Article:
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[210] of instructions from General E. Kirby Smith, dated 11th August, 1864, I made immediate arrangements for a movement into Missouri, as concluded upon in my interview and conference with him upon that subject, with the cavalry force in the District of Arkansas, then under my command-being promised, in addition, the brigade of Louisiana cavalry, commanded by Colonel Harrison, estimated at 1,500 strong. At the same time information in full detail of the proposed movement, of the route to be pursued and of the probable time when it would be made, was, without delay, sent by me to Brigadier-General Shelby, who then commanded in Northeast Arkansas, with instructions to make an attack, when in his judgment he should deem advisable, upon Du Vall's bluff and the railroad between Little Rock and White river, in the possession of the enemy, and by diverting their attention, enable me to. cross the lower Arkansas and unite our forces without danger of failure. These instructions were carried out in full by General Shelby, and resulted in an attack upon the railroad, terminating in the most complete success — over four hundred Federals captured, three hundred killed and wounded, six forts taken and destroyed, ten miles of railroad destroyed, as well as vast quantities of forage, &c.; full particulars of which are contained in General Shelby's report accompanying. This exploit was one of the most brilliant of the war, and cast additional lustre upon the well earned fame of that gallant General and the officers and men under his command. It was part of the plan concluded upon that I should cross the Arkansas river about the 20th of August, with the troops under my immediate command; but from delay in receiving the necessary ordnance stores I was unable to do so. Finally, the required complement was received on the 27th, and on the 28th of August I was relieved from the command of the District of Arkansas and crossed the Ouachita river. On the 29th arrived at Princeton, where the divisions of Fagan and Marmaduke were, and assumed command of all the cavalry in the District of Arkansas, according to the instructions of General Smith above referred to. In the meantime, owing to the delay in starting, I was of the opinion that the enemy had become informed of my intended line of march, and concluded to cross the Arkansas river at the most feasible point north of Little Rock and south of Fort Smith, taking into consideration the probable means of obtaining forage and subsistence.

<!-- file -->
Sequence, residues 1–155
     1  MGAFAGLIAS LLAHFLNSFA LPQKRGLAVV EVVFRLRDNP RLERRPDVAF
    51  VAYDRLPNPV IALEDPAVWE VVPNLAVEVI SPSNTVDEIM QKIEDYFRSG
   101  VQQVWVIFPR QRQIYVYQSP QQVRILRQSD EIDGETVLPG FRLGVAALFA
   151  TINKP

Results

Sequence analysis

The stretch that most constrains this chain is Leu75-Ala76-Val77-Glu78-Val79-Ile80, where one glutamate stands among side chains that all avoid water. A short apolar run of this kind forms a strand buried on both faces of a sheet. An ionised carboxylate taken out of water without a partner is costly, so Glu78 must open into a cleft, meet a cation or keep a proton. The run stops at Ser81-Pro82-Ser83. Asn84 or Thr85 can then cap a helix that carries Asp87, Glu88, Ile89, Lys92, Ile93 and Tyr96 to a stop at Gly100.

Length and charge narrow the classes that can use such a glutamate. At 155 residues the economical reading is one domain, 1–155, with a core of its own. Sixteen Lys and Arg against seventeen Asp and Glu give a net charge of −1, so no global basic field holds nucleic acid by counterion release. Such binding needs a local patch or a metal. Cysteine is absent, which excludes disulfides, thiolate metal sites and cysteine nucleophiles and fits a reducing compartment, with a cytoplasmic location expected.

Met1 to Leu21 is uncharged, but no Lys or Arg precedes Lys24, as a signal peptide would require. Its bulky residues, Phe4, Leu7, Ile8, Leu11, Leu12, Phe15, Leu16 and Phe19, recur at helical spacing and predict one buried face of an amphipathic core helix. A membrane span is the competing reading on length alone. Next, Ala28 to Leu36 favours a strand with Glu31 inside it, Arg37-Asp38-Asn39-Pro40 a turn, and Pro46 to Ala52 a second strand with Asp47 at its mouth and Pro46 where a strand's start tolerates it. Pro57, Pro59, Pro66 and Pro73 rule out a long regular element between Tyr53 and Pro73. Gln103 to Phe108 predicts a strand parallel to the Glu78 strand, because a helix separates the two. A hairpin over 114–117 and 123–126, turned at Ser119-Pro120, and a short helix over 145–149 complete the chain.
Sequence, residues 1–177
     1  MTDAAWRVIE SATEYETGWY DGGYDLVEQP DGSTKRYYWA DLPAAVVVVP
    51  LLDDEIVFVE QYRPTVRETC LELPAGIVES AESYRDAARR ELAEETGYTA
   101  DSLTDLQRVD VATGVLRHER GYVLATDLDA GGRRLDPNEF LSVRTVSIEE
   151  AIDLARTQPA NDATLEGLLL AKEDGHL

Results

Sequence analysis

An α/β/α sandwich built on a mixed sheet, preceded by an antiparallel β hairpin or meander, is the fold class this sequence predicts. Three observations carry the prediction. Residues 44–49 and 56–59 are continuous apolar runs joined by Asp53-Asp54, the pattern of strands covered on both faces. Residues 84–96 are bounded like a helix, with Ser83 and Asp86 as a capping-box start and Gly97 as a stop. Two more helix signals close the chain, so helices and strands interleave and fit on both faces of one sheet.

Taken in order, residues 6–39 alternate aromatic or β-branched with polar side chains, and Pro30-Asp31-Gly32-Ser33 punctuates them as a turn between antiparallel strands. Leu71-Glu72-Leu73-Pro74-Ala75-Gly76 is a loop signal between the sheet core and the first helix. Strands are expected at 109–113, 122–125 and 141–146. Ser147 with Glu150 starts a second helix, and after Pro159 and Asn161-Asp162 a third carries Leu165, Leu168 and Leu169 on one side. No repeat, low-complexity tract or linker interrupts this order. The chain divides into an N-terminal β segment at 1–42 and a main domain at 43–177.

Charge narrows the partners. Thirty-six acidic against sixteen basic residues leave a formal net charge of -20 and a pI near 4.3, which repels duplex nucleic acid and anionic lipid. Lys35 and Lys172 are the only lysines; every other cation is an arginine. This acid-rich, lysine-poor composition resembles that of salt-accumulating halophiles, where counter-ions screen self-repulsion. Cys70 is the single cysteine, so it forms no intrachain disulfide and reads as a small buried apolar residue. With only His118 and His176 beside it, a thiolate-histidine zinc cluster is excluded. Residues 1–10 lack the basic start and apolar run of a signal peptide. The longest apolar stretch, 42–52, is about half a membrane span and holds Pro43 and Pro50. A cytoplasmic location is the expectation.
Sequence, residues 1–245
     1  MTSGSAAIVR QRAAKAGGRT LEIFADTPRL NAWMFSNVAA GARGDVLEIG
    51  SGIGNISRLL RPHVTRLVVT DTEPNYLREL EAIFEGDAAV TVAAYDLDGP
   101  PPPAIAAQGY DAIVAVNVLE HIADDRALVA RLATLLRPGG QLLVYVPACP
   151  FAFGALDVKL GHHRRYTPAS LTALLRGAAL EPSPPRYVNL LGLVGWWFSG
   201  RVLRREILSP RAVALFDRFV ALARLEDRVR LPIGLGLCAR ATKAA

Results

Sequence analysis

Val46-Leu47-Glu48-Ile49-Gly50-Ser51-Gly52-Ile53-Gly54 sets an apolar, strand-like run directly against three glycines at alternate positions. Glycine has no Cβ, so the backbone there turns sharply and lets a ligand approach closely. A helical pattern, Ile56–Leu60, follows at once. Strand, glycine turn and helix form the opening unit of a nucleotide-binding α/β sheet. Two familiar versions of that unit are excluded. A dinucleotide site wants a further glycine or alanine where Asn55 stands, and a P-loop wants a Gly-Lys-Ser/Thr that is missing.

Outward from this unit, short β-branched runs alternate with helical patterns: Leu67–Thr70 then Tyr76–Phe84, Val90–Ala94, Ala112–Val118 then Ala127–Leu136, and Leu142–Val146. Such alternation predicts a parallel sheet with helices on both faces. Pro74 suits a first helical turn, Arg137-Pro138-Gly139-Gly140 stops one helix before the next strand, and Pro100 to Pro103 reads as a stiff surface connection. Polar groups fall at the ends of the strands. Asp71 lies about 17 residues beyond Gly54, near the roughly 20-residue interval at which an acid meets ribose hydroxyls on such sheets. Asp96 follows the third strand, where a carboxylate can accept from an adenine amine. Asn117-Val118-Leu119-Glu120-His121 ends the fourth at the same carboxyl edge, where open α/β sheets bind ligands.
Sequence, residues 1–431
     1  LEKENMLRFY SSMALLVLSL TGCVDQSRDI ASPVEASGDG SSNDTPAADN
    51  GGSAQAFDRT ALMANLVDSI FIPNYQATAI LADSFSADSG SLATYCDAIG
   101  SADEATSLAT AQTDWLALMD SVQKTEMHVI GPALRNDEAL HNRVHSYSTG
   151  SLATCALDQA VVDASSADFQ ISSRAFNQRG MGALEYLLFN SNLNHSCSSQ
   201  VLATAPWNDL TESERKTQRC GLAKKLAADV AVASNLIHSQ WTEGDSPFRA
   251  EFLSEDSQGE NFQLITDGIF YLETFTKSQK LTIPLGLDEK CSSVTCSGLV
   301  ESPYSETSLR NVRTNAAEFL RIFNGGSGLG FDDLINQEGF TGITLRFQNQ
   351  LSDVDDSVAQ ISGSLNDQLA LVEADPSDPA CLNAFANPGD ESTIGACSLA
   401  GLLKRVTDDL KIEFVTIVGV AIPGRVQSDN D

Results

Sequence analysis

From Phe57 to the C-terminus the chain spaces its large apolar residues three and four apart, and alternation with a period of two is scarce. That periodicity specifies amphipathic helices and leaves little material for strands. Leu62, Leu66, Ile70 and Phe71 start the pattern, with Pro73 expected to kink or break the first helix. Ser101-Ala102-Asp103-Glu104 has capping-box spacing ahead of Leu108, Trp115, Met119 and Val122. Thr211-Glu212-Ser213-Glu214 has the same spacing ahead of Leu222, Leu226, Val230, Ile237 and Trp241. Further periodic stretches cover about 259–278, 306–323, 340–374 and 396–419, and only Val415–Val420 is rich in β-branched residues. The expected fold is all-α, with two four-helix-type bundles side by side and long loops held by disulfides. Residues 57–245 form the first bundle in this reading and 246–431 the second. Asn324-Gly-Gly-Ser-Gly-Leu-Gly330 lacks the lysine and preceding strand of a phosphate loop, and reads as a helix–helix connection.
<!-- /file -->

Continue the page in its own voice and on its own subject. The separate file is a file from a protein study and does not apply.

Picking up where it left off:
On the 30th I took up my line of march in the direction of Little

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